What Are The Strongest Types Of Gemstones?

The Hardness of Garnet

With its radiant array of colors, garnet makes a robust and eye-catching choice of gemstone.

Garnet on the Mohs scale

Garnet ranks between 6.5 and 7.5 on the Mohs hardness scale, depending on the variety. This makes it somewhat less hard than some of the gemstones we’ve discussed, but it’s still durable enough for most forms of jewelry.

Understanding the strength of Garnet

The strength of garnet originates from its cubic crystal system, which allows for strong ionic bonds. However, the hardness can vary somewhat between different varieties of garnet, with almandine and pyrope garnet being somewhat harder than other varieties.

How Garnet’s hardness influences its applications

Thanks to its decent hardness, garnet is often used in various types of jewelry. Beyond that, the abrasive qualities of garnet also make it useful in sandpaper and grinding wheels.

Exploring Other Hard Gemstones

While the gemstones we’ve explored so far are among the hardest ones, they’re not the only ones out there with noteworthy hardness. Other gemstones like tourmaline and aquamarine also boast impressive hardness.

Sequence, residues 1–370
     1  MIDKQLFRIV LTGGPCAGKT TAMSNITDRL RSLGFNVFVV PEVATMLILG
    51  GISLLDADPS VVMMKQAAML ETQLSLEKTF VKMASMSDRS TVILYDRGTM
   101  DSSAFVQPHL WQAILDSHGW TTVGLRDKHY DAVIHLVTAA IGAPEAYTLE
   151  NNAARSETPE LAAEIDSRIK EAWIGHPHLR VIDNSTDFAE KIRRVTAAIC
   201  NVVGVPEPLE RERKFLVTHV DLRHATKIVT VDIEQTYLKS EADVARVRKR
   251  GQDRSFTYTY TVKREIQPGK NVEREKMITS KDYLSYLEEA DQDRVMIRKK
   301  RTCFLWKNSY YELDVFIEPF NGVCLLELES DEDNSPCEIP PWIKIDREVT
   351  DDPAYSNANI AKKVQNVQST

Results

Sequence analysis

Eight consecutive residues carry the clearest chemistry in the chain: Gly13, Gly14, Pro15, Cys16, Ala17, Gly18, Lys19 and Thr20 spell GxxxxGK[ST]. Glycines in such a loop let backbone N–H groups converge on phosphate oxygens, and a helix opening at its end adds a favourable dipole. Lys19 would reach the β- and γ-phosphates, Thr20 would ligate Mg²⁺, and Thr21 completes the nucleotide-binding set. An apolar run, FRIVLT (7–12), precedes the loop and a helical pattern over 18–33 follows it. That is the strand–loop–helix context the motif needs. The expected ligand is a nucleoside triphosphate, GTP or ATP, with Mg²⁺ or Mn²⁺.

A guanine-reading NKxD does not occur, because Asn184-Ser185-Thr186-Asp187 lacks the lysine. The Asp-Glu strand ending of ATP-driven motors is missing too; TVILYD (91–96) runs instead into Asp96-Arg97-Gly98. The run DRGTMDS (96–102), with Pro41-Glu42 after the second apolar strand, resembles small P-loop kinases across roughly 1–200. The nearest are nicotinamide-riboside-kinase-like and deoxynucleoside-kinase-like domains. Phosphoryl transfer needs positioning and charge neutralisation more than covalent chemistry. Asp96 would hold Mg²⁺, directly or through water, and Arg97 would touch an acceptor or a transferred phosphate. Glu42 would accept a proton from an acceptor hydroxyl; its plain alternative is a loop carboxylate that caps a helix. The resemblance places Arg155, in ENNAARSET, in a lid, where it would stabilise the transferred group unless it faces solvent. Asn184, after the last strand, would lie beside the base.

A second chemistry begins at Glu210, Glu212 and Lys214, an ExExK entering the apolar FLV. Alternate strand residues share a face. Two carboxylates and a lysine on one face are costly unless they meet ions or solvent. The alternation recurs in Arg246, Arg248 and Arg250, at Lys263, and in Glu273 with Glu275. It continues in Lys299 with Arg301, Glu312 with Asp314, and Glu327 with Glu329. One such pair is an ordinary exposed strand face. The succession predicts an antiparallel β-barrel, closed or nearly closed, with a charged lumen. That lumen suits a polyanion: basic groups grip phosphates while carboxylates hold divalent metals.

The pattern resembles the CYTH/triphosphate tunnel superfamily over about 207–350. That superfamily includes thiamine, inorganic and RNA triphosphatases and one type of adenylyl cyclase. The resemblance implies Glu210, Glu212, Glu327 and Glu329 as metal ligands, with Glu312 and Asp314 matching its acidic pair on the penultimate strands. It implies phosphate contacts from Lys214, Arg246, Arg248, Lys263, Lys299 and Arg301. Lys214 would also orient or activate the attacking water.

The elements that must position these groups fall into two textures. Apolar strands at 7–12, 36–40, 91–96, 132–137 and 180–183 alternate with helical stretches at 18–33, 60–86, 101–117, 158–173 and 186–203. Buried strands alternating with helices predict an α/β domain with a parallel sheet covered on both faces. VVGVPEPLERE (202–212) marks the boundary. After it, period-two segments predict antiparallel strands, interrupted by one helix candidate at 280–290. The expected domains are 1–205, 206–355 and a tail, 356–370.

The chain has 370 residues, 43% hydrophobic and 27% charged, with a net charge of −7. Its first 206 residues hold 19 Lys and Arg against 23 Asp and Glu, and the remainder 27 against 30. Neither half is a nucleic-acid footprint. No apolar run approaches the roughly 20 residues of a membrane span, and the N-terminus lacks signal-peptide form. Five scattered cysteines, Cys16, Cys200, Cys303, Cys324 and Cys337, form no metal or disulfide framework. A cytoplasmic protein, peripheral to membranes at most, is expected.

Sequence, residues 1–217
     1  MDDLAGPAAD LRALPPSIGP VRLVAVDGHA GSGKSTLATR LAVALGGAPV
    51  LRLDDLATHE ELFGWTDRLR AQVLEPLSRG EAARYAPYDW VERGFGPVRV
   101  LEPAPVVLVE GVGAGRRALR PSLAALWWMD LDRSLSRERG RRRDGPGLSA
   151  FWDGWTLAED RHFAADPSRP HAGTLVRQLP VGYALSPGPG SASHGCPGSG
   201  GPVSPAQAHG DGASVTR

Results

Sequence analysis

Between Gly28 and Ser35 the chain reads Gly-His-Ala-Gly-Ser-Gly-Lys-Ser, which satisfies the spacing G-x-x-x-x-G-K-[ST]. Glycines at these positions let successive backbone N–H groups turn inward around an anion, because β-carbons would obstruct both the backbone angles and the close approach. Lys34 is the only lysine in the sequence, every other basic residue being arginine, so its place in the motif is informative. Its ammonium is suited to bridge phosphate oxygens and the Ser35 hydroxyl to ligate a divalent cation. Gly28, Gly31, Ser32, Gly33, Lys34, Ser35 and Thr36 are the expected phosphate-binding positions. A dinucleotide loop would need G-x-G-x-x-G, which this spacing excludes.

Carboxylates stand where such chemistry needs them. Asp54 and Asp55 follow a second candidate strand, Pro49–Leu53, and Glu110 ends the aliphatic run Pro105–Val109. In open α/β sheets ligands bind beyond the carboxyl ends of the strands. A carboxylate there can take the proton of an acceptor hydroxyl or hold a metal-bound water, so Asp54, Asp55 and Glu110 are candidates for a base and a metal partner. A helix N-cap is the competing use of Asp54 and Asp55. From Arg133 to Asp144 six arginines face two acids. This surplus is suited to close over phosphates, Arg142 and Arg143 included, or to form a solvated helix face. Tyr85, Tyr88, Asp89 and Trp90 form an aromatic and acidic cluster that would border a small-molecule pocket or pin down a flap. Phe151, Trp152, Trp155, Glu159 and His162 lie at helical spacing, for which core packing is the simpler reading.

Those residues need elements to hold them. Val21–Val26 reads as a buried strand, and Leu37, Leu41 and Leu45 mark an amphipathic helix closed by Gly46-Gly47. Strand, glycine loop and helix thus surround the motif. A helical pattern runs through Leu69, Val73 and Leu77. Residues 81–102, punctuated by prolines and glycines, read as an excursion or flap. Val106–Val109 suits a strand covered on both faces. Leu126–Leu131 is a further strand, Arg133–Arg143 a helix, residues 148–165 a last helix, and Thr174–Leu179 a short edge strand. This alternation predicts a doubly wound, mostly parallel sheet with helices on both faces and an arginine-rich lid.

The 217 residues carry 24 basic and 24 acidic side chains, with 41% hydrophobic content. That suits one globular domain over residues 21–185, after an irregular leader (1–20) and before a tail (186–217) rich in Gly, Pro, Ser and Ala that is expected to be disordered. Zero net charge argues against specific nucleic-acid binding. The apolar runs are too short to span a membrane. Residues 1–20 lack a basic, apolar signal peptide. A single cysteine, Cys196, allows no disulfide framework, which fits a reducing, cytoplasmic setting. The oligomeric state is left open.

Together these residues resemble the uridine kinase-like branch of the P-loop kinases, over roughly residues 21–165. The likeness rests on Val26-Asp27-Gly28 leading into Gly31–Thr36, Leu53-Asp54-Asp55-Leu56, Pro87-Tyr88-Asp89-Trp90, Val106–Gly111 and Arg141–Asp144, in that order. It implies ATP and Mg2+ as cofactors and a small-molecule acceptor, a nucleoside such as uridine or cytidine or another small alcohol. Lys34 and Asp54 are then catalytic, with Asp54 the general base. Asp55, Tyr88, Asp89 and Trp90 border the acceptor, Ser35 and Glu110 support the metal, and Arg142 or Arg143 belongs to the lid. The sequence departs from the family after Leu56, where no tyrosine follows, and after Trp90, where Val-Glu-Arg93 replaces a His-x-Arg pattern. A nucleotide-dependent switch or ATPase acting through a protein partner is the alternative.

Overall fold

Tourmaline’s strength on the Mohs scale

Tourmaline scores 7 to 7.5 on the Mohs scale, giving it a hardness comparable to that of quartz and garnet. This means that tourmaline is sufficiently tough for various types of jewelry, including rings.

The hardness factor in Aquamarine

Like its cousin emerald, aquamarine is part of the beryl family of minerals and shares the same hardness, 7.5 to 8 on the Mohs scale. As such, aquamarine shares emerald’s robustness while being generally less prone to inclusions, making it more durable overall.

The selection of hard gemstones goes well beyond those that we’ve explored today. Other noteworthy hard gemstones include spinel, zircon, and chrysoberyl. Each of these gemstones, with their unique colors and attributes, pair their beauty with remarkable durability. Understanding the hardness of these gemstones is important, as it affects not just their longevity and resilience, but also the ways in which they can be used and enjoyed.

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Author: marklsmithms1

Hi, I'm Mark, the author of Maura Gems and Jewellery. As a team of qualified gemmologists and goldsmiths, we bring you world-class jewellery at Bangkok prices. With offices in both Bangkok and the UK, we ethically source the finest gemstones directly, eliminating any middlemen. We offer a wide range of stunning ready-made jewellery items in our new online store, available for retail or wholesale. Additionally, we specialize in custom-made jewellery where we can bring any design to life. Whether you're a trade professional or an individual customer, we cater to all. Feel free to email me at mark@mauragemsandjewellery.com or call/WhatsApp me at 07470547636 or +66949355718. Discover our incredible collection by visiting our online store. I guarantee you'll love what you find there!